FOR MANY anglers the mountain trout, rock flagtail or jungle perch (JP) remains a highly prized target in the upper reaches of our swift-flowing tropical rivers and feeder streams. Catching this fish has all of the ingredients to whet any sportfisher’s appetite.
Firstly, the surrounds are usually the kind of stuff that light tackle enthusiasts dream of. Imagine this scenario: it’s a steamy hot day in the tropics and you’re clambering through some thick undergrowth on the edge of a pristine stream. You make your way closer to the sound of the cascading water, taking care not to damage your rod as you weave through the gaps in the loya vines. A small azure kingfisher with stunning purple plumage and a buff coloured breast flashes across your path.
On the next step the thick vegetation opens up slightly, revealing a crystal clear rock pool about the size of the floor space in a double carport. Water is tumbling through small piles of granite dropping about a metre into the pool. There are small ferns everywhere amongst the moss-covered boulders worn smooth by the water and larger treeferns are overhanging the edges of the stream. You scan the pool of water and prepare your rod for a cast.
Excitement and anticipation set in. Stealthily you get in position; no need to rush. You fire a small Rapala SR5 out across the pool. As the lure gently lands a black shadow flashes towards it, crashing the lure with an explosion of water. The next thing you know your 2kg rod is buckled over and you’re tight to a little powerpack with silver sides pulling drag on the light Shimano spinning reel. JPs are stubborn for their size and rarely capable of winning the encounter, and soon you’re cradling the handsome specimen you came for.
JPs are a delight. Their aggressive behaviour towards a huge variety of artificials intruding into their domain, coupled with their handsome appearance, dogged resistance and stunning environment, make them a truly worthwhile fish to chase on foot. I have heard of JPs being captured over 50cm, but anything over 40cm is an oustanding fish and their territorial attitude is reflected in the aggressive way in which they dominate particular rock pools.
When heading off for the day ‘legging it’ I take a small tackle box with a selection of lures and a spare snap, Leatherman type tool, sunnies, camera (in waterproof container), sunscreen, food/snacks and a water bottle, and pack it all in a small canvas backpack. An old pair of runners or reef type sandals, a hat and some lightweight, cool clothing are all you need to be comfortable for your day out in search of perch!
Most of the northern freshwater streams hold healthy populations of JPs, although in areas heavily affected by sugar cane farming the fishing isn’t quite as good. I head towards streams which are as pristine as you can possibly find. It’s well known some of the best JP fishing in the state is in the area between Tully and Ingham. Try the Tully River, and of course the Herbert River and feeder streams. JPs are occasionally caught from boats in salt and brackish water. There is a school of thought that they spawn in the saltwater estuarine reaches of northern rivers and then make their way up into the fresh sections.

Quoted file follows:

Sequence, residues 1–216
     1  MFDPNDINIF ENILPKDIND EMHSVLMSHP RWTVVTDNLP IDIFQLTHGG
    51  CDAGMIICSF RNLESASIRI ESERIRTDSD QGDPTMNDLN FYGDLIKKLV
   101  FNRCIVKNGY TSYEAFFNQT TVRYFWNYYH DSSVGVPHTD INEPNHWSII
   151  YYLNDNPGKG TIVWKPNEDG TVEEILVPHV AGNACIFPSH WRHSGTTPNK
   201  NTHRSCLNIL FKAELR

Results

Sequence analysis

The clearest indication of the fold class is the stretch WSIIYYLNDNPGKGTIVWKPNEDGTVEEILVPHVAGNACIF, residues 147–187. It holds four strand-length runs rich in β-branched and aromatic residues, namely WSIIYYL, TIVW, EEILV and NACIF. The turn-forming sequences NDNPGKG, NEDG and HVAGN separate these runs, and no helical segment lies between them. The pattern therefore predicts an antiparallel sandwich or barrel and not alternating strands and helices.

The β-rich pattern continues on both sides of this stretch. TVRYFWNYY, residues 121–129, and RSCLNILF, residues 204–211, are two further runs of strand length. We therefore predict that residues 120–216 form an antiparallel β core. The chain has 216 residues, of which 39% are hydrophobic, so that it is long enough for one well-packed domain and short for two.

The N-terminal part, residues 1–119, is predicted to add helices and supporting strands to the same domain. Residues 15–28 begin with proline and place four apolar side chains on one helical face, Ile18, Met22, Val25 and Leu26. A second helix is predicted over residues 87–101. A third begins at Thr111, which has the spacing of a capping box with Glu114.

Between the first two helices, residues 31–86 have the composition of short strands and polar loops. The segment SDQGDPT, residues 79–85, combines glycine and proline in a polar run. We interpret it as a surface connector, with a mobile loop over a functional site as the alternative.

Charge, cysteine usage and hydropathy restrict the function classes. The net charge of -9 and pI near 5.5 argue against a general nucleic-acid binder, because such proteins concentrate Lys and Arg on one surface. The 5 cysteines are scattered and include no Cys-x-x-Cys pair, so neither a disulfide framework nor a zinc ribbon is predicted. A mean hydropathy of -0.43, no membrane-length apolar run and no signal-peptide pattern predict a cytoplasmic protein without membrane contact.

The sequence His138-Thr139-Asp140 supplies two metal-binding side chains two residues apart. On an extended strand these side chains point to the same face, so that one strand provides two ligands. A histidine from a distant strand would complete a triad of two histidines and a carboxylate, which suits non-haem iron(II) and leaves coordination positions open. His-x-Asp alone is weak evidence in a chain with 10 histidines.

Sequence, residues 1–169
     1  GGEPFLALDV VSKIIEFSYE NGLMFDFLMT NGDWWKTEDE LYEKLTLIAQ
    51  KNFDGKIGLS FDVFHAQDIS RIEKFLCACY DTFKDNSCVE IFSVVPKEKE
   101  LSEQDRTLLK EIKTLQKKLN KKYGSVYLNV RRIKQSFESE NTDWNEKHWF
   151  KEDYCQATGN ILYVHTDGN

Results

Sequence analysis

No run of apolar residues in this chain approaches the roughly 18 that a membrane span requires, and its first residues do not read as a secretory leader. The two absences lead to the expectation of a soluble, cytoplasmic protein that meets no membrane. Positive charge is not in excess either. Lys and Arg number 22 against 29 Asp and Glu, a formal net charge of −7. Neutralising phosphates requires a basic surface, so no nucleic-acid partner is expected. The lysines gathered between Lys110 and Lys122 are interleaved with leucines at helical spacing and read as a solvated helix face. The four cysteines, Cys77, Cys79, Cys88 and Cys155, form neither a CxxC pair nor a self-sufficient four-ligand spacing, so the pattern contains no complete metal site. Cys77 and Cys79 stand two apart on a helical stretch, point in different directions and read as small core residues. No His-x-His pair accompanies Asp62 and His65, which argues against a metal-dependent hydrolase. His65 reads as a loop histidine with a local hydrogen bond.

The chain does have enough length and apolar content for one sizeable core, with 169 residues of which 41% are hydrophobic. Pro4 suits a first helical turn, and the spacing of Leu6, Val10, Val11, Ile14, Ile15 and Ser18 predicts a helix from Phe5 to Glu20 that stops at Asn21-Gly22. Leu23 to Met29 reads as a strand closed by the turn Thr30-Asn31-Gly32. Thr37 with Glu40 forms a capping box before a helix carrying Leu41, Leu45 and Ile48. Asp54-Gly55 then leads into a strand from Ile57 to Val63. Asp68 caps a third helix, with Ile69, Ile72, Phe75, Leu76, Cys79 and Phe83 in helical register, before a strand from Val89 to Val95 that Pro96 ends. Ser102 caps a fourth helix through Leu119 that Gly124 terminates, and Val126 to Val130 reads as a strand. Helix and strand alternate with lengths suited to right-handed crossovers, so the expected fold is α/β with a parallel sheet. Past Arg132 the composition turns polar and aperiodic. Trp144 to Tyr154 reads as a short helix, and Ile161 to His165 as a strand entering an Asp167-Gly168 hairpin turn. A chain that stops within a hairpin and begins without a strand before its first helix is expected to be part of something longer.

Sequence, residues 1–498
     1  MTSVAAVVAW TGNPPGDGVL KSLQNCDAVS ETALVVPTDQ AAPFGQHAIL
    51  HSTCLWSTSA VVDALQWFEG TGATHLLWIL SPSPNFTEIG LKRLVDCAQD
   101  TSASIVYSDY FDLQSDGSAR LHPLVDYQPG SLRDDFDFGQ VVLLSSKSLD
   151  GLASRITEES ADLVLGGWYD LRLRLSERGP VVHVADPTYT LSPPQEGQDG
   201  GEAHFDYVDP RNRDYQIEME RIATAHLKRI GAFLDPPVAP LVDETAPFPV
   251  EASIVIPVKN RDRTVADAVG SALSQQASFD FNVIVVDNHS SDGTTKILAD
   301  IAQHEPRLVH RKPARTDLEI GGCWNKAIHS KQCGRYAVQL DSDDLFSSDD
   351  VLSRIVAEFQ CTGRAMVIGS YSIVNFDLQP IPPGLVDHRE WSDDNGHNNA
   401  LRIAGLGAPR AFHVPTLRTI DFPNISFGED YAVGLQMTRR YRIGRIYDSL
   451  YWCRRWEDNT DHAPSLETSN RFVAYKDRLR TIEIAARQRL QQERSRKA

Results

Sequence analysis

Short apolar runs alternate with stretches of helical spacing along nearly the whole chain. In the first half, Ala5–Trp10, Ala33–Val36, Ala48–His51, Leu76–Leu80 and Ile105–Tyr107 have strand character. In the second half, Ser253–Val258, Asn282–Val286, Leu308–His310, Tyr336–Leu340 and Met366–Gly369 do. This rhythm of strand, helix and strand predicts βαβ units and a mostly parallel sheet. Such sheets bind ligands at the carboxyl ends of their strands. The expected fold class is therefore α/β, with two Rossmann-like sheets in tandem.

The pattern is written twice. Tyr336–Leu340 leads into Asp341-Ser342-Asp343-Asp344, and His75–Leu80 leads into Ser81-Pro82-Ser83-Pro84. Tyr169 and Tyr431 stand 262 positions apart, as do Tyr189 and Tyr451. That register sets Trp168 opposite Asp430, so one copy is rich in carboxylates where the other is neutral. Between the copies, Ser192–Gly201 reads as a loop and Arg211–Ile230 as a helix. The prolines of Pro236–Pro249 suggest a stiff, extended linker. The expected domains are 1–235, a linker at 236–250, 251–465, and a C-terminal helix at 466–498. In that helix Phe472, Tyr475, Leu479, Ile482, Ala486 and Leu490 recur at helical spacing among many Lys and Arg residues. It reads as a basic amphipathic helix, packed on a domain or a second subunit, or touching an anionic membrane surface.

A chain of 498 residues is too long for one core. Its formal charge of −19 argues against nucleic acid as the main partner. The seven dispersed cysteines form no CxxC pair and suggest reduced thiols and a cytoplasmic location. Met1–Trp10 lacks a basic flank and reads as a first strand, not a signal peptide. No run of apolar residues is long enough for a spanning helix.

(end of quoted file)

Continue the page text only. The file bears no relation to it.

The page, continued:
Jungle perch are quite happy to feed during the middle of the day and throughout the year but the best times are after rain when the waters start to clear up. These fish will take both dead and live baits but luring has more visual appeal and the small rods are easy to transport into these often tight casting situations. JPs will take a huge array of lures and flies. Most small minnow patterns as well as plastics and small spinners work a treat.
A small (about 1.6m) whippy light rod in the 2-4kg range is all you need, matched up with a small spinning reel spooled with about 2-3kg line. Some people prefer to use a short thin leader of about 7-8kg and a lightweight snap while others don’t use a leader and merely tie the lure straight on. Occasionally a big JP of around 40cm+ will bust you up on the rocks or timber if you don't use a leader. David Mayes and fishing mate Karl Schuster recently spent a day catching and releasing over 30 healthy JPs, including some beauties over 40cm. They walked, climbed and waded their way through the small feeder streams which flowed into the main river, a day or so after some heavy rain. With the water levels dropping and clear water settling, the JPs were really on the chew. There was a bycatch of a few sooty grunter but they were mostly in the main river.
Just to prove his JP prowess was no fluke, Karl rolled up to Lake Tinaroo for a night’s fishing. He casually strolled up beside myself and Col Upham, who’d had no luck during the previous three hours – and neither had I. We were using fizzers so Karl borrowed one of Col’s rods, stood next to us and cast the gold Bomber that was tied on. Unbelievable – three winds and he was hooked up to a healthy 15kg barra!
Till next month, .see you on the water.
1) Jungle perch will take surface lures with gusto at any time of the day.
2) Fishing tropical creeks can provide some of the best tropical sportfishing around.
3) Karl Schuster caught this great 15kg barra on a gold bomber with a borrowed rod and first cast on one of his regular trips to Lake Tinaroo.Reads: 1029